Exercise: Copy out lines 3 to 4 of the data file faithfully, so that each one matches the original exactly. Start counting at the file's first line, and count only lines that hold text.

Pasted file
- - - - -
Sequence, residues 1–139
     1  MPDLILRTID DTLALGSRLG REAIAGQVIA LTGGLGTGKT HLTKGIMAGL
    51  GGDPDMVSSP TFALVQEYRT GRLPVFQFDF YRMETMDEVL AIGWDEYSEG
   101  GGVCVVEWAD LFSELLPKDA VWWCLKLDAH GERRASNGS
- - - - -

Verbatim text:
    51  GGDPDMVSSP TFALVQEYRT GRLPVFQFDF YRMETMDEVL AIGWDEYSEG
   101  GGVCVVEWAD LFSELLPKDA VWWCLKLDAH GERRASNGS